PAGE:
Reposted from the Irish Examiner
Trinity College warned of the risk of a fire like that which struck Paris’s Notre Dame Cathedral in an application for €25m in Government funding to redevelop its historic Old Library.
It said a “litany of destructive fires” at historic buildings around the world illustrated the risks of deterioration and damage to the library, which houses the Book of Kells.
The university wrote directly to Taoiseach Micheál Martin seeking financial support and saying the fire at Notre Dame “underscores the urgency of the project”.
It said it had been 50 years since any major work had taken place at the Old Library and that it was now in “vital need” of upgrading.A submission to Government said: “Fire prevention and suppression systems in the Old Library, especially in the wood-lined, cathedral-like Long Room, must be updated and improved.
Trinity also warned the damage to Ireland’s reputation if anything were to happen to the library’s famous Long Room or the Book of Kells would be “incalculable”.
It said Trinity’s location in the heart of the city and surrounded by “very busy roads” was already causing damage to the library’s collections.
The submission said that due to pollution, the 300,000 volumes on exposed shelving in the Long Room were “coated in dirt, dust, and particulate pollution”.
It said: “This is deleterious to the books and represents a potential fire hazard.”
The university said the ongoing environmental harm to the precious collection of manuscripts was a “quiet disaster”.
The submission said research facilities at the library were also sub-optimal, meaning some volumes could not even be accessed during certain times of the year due to humidity and temperature.
It said reading spaces were “cramped and lacking in environmental control” and that many major world universities with historic libraries were currently undertaking major restoration programmes.
Trinity also said the visitor experience for those wanting to see the Book of Kells was designed nearly 30 years ago and intended for 250,000 visitors a year. It said a new revitalised space would bring visitors through the history of the book in an “imaginative and contemporary way”.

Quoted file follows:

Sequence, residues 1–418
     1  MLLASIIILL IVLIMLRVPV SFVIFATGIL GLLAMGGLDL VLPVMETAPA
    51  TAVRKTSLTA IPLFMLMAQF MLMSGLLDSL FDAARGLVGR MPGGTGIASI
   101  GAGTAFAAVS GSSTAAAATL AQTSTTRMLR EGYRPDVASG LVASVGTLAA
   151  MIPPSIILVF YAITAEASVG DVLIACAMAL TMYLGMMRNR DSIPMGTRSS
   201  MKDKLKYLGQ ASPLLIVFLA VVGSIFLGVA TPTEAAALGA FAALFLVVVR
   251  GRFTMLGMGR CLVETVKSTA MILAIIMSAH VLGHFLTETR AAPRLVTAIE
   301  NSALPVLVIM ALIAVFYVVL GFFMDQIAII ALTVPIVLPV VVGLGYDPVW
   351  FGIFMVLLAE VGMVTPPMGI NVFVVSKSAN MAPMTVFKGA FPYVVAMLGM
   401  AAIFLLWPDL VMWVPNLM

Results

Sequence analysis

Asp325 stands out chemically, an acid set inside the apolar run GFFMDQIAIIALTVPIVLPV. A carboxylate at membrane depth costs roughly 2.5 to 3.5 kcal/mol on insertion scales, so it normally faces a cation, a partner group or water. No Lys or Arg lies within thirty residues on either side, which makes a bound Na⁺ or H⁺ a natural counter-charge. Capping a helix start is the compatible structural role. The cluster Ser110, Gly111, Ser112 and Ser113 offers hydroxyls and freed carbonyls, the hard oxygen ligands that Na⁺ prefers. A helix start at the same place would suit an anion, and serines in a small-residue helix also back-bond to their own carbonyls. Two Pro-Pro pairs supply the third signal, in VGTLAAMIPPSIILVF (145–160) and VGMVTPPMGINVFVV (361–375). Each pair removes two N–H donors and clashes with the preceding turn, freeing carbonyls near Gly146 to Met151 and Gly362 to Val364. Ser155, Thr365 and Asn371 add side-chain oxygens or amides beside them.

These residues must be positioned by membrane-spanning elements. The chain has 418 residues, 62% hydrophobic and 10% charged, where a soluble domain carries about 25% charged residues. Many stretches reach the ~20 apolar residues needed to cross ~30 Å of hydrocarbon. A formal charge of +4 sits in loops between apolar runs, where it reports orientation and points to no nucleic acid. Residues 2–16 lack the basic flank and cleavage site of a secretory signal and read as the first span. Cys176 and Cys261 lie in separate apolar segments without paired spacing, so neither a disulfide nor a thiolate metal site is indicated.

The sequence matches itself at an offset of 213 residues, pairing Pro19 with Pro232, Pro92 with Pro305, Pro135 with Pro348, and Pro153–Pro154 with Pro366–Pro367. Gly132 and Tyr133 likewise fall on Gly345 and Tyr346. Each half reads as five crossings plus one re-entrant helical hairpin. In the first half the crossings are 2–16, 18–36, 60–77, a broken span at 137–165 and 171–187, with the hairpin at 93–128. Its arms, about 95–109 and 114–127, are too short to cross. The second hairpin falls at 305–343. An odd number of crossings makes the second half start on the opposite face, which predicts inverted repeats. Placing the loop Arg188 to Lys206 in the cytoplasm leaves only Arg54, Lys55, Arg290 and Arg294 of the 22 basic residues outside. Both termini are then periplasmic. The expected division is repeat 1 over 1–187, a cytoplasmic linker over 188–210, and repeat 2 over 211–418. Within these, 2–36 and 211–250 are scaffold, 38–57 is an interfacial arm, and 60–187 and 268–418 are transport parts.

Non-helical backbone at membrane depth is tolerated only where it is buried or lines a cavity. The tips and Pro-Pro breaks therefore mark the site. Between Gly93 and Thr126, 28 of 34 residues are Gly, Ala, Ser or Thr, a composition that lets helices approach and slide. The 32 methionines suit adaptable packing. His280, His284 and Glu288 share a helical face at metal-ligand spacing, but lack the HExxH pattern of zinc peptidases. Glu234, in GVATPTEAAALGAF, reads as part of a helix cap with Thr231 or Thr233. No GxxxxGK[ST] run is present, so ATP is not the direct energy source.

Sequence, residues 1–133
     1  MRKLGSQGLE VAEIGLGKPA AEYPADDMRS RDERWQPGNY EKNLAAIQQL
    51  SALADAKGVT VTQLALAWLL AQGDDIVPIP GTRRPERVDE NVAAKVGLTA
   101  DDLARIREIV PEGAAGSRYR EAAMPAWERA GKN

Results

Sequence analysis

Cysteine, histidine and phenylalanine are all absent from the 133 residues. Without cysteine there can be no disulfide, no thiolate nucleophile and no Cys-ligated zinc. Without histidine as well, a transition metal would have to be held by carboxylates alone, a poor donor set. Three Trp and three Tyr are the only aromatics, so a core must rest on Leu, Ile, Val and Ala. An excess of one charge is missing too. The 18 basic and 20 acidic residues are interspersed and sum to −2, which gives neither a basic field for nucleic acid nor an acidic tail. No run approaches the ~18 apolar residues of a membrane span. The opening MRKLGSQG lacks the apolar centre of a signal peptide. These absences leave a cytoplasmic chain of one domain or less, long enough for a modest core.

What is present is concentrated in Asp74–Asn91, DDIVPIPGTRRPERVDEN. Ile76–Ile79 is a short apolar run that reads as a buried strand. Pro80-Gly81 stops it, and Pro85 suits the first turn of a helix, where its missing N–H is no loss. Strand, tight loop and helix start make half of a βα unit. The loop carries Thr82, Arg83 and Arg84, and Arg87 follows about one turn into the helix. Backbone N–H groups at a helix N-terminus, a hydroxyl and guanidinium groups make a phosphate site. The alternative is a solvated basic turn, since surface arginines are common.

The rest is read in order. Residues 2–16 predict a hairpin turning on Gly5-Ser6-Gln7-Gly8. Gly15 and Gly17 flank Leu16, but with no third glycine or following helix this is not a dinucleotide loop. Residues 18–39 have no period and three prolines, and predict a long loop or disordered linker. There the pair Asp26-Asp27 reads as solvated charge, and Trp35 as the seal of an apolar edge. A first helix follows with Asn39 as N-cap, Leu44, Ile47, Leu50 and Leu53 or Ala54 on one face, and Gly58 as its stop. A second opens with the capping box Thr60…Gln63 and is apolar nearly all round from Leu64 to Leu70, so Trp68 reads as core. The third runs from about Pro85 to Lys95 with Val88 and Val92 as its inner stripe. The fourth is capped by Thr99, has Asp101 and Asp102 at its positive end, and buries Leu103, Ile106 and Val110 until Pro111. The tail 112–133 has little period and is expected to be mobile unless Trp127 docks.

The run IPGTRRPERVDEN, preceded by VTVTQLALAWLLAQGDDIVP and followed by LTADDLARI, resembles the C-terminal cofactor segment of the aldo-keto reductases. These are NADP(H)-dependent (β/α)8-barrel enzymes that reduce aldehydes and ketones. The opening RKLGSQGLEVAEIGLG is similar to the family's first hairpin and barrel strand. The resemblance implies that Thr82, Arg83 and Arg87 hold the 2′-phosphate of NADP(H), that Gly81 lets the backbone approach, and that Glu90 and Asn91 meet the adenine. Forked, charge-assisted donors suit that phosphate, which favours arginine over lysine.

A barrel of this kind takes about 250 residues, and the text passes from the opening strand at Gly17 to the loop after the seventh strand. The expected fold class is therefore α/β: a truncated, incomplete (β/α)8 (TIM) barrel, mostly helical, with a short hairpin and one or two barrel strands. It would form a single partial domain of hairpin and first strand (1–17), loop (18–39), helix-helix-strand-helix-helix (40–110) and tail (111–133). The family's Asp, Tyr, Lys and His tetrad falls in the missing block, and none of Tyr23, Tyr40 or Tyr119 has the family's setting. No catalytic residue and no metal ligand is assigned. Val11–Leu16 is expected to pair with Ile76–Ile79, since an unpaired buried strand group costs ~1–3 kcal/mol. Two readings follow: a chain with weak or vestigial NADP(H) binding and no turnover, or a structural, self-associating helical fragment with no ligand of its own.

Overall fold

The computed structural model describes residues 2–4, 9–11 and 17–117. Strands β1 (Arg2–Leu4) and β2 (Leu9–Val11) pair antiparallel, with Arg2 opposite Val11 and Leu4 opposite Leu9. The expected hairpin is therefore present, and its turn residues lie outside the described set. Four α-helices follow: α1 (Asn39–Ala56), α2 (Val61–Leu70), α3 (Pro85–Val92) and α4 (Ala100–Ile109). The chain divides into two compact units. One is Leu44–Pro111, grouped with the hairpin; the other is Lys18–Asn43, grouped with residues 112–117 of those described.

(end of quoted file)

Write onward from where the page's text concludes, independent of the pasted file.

“Currently, the visitor enters the exhibition through a shop, which is small, cramped, and wasteful use of space in a beautiful historic building,” the submission said.
Details of how much Trinity plans to spend on the refurbishment project have been withheld under Freedom of Information, apart from the €25m it sought from Government.
The university would also be using its own resources, as well as seeking philanthropic support, with an undisclosed amount of money already pledged.
The Taoiseach said he supported the commitment of €25m in funding spread out over five years.
The Taoiseach wrote: “I believe that this project is an unmissable opportunity to preserve what is a vital part of our national and indeed global heritage and that it should proceed as soon as possible with full Government support.”
In response, Housing Minister Darragh O’Brien said he too supported the plan “notwithstanding the challenge” the investment would have on budgets for built heritage in his department.
A spokesman for the Department of Housing said it had been happy to support the plan, which was of “global significance” and a once-in-a-century project.
He said: “Trinity has been a custodian of this national treasure for centuries, caring and protecting it for all our benefit.
“It is iconic but also fragile and in need of protection. Its contents have educated centuries of scholars and – protected appropriately – that unique collection can continue to do so far into the future.”
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